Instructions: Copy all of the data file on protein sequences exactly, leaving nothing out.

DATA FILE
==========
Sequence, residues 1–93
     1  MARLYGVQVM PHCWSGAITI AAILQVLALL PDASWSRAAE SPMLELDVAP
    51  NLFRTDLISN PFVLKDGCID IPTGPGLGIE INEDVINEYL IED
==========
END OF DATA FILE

Sequence, residues 1–93
     1  MARLYGVQVM PHCWSGAITI AAILQVLALL PDASWSRAAE SPMLELDVAP
    51  NLFRTDLISN PFVLKDGCID IPTGPGLGIE INEDVINEYL IED